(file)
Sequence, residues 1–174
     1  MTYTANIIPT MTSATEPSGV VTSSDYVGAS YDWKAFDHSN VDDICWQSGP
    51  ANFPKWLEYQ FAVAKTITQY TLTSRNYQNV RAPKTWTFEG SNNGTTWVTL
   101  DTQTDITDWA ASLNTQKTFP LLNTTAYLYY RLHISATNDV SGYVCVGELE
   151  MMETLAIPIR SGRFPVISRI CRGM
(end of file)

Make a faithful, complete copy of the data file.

Sequence, residues 1–174
     1  MTYTANIIPT MTSATEPSGV VTSSDYVGAS YDWKAFDHSN VDDICWQSGP
    51  ANFPKWLEYQ FAVAKTITQY TLTSRNYQNV RAPKTWTFEG SNNGTTWVTL
   101  DTQTDITDWA ASLNTQKTFP LLNTTAYLYY RLHISATNDV SGYVCVGELE
   151  MMETLAIPIR SGRFPVISRI CRGM